I stepped inside and heard the door close behind me. “Howdy Charlie. Is Fana available?”
Charlie walked along the ceiling next to me. “The mistress is currently with her agent, however, their meeting should conclude soon. If you like you may wait for her in the foyer. I shall inform her of your arrival.” He gestured politely as he hung upside from the ceiling.
I thanked him and found a seat on the familiar sofa. As I sat there enjoying a moment of quiet when a familiar ruby red smile caught my eye. I frowned as I recognized the picture on the cover of the book. The book was titled ‘Hunter and Huntress’. The ruby smile belonged to a shapely female silhouette in the background. In the foreground was a young, handsome, broad-shouldered, elven man wearing leather armor that showed off his unrealistically perfect pectoral muscles. The picture suggested the male elf was being followed by the shapely female figure. Despite myself, I flipped the book over so I could read the description.
Adrie Shadowwalker is a huntress of legendary skill known for being able to capture any quarry she seeks. When she’s sent on a dangerous expedition to the edge of the known world to hunt a legendary monster, her eyes soon fall upon another target, one that is unlike any she has ever pursued before…
Delton Wildstalker is a handsome, naive, young man who is looking to prove himself. Delton is a capable hunter, but hot-headed, eager, and ready to dive headfirst into adventure (even if it’s a risky proposition). Will Adrie’s gentle touch be enough to tame his wild heart? What happens when the heart of a hunter becomes the quarry of the huntress?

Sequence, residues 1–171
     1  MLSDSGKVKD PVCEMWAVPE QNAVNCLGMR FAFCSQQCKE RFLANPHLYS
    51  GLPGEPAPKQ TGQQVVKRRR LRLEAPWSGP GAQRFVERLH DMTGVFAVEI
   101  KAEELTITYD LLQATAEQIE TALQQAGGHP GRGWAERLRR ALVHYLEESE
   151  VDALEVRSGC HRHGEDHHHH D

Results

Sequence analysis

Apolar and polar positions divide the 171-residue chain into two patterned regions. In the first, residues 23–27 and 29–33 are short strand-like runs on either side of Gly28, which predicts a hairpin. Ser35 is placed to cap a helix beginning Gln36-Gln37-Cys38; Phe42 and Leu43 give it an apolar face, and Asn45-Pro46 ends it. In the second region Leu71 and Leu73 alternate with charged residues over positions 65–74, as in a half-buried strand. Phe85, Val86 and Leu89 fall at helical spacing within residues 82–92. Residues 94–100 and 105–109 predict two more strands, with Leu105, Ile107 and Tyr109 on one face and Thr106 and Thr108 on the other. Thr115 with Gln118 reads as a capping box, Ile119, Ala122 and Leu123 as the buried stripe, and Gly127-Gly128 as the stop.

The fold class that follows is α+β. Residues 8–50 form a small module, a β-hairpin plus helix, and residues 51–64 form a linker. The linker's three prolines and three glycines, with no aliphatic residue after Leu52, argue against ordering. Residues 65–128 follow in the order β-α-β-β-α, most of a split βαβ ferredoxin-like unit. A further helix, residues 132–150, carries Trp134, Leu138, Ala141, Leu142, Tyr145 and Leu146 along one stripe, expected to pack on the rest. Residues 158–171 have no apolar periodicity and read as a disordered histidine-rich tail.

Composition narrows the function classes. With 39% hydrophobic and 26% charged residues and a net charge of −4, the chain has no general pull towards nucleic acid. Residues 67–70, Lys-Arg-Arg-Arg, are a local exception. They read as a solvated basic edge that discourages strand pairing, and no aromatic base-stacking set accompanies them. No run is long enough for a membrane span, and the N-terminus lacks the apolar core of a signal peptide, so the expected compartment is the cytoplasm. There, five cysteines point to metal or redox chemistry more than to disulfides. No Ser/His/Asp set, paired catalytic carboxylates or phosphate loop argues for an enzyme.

I sighed and put the book down. ‘Delton’… she changed all of ONE letter of my name. I was told the book had a happily after ending for ‘Delton’ and ‘Adrie’, the real ending had been quite different. It wasn’t bad per se… I had deluded myself into thinking I was love, and the real ‘Adrie’ had just been looking for a good time. The break up was inevitable. It wasn’t too harsh, but it definitely put a bad taste for relationships in my mouth. Haven’t been in one since and I just assume keep it that way.
A short while later after the agent left, Fana a short, blonde-haired, elven woman entered the room and greeted me with a smile and open arms. “Hello, Belton!”
“Heya Sis.” I greeted her and we shared a warm familiar embrace.
We parted then took a seat around her coffee table. “So… what brings my big brother the bounty hunter for a visit today?”
“I’ve come to you for advice. My party and I are traveling to the Feywild. As I recall you made a trip there once.”